With Analog Phone Lines Fading Out, JustTech Pushes Cloud Fax

‘We’ve been educating our clients on the discontinuation of the analog phone lines, and encouraging them to move to cloud fax, so they won’t have interrupted service,’ Josh Justice, founder, owner & president of JustTech, tells CRN.


With many major telecom carriers including Verizon and AT&T announcing they’re discontinuing analog phone lines this year, Josh Justice, founder, owner & president of JustTech, is encouraging his clients to make the move to cloud fax.

JustTech, headquartered in La Plata, Md., is a technology company founded in 2006 providing print solutions, network & IT solutions and custom Xerox app solutions. The company serves more than 3,000 clients in seven locations across four states.

Cloud fax allows users to send and receive faxed documents through an email program or web portal without the need for any on-premises hardware or software, Justice (pictured above) told CRN.

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“It makes the move to cloud fax all the more urgent,” he said. “We’ve been educating our clients on the discontinuation of the analog phone lines and encouraging them to move to cloud fax so they won’t have interrupted service.”

Justice said JustTech was the first to create an app that’s compatible with both Xerox as well as 30 cloud fax providers. The app sits on the Xerox device and makes sending a hard copy document with cloud fax easier, he said. Instead of having to scan in something and upload it through a web portal, users just put the document on the device and hit send.

“More and more clients have looked to move to cloud fax because it’s cheaper, it’s more secure, and you get encrypted backup,” Justice said. “It’s more flexible than traditional fax.”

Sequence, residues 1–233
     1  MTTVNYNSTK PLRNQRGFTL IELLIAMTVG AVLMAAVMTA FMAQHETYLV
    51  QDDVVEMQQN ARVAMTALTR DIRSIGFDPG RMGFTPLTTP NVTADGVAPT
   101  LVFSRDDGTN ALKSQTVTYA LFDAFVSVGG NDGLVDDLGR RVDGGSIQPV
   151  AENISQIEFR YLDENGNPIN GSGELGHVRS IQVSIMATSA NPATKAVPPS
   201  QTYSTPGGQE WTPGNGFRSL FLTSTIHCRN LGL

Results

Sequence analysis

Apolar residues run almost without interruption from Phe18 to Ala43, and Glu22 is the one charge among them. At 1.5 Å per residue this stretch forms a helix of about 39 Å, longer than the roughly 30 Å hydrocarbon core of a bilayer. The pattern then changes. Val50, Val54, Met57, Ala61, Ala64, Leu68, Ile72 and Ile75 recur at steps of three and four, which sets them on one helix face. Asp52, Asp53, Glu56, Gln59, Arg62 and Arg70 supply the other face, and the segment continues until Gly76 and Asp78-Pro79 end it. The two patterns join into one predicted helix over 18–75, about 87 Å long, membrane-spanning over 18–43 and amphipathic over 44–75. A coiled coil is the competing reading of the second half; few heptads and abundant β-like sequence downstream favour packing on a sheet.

Cloud faxing was introduced about 15 years ago by different manufacturers, such as eGoldFax and eFax, Justice said. Those companies’ marketing message at the time was “you can port your fax number to us.” They had terminals with phone lines coming in, and then they could use a web portal to send out faxes. Incoming faxes could then be sent to a printer or email.

“We saw more and more clients in recent years, wanting to use that and asking us about that, because we were their technology partner for copiers, printers and IT services,” he said. “We started reselling cloud-based services. But then we saw clients complaining if they had a hard copy document, you had to scan it into your computer, save it and then upload it through a web portal.”

Justice said his company then decided to build an app for Xerox multifunction printers that converts the hard copy document at the device when you scan it to cloud fax, and then sends it out via the cloud fax service.

“That’s been pretty popular for our clients in the last two years,” he said. “Some of the clients that moved to cloud fax wanted to do it for the advantages such as encrypted backup, some wanted to do it because they weren’t always in the office and they want to be able to send a fax from home. Others also did it because they moved to Voice over Internet Protocol [VoIP], and they didn’t want to keep any analog ones.”

With analog phone lines going away, Justice said clients will have to decide on what they’re going to do, whether they’re going to give up faxing altogether or move to another tool that works with it.